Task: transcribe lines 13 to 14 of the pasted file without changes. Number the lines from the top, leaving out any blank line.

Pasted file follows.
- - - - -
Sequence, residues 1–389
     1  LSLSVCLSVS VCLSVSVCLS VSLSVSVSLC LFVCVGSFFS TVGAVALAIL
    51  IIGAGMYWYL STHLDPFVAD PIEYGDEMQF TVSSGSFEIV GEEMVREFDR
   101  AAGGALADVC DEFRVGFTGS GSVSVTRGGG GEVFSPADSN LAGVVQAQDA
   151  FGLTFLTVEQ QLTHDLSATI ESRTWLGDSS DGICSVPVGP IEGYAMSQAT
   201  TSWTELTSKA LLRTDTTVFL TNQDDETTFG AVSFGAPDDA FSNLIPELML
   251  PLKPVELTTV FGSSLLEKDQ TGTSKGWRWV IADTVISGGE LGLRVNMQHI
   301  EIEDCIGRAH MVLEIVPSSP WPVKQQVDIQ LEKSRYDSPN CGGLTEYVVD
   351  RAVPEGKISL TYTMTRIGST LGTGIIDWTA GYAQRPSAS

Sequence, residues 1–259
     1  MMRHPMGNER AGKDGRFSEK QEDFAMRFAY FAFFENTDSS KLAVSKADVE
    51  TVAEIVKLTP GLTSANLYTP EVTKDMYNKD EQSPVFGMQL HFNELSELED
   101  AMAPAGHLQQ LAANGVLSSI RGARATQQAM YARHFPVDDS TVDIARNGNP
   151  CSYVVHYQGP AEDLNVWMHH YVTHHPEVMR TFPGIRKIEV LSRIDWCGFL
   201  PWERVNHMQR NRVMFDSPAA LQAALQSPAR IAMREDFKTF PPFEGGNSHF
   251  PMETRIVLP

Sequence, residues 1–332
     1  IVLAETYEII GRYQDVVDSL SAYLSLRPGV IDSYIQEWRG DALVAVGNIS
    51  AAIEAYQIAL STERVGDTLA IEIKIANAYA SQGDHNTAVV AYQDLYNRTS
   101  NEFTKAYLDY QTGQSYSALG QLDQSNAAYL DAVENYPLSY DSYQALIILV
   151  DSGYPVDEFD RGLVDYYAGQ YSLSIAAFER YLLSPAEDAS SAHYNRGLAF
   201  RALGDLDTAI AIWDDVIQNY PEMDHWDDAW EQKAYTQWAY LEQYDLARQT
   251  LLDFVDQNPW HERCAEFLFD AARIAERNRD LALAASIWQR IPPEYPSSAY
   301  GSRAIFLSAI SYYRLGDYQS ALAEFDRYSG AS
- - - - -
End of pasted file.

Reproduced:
   101  AMAPAGHLQQ LAANGVLSSI RGARATQQAM YARHFPVDDS TVDIARNGNP
   151  CSYVVHYQGP AEDLNVWMHH YVTHHPEVMR TFPGIRKIEV LSRIDWCGFL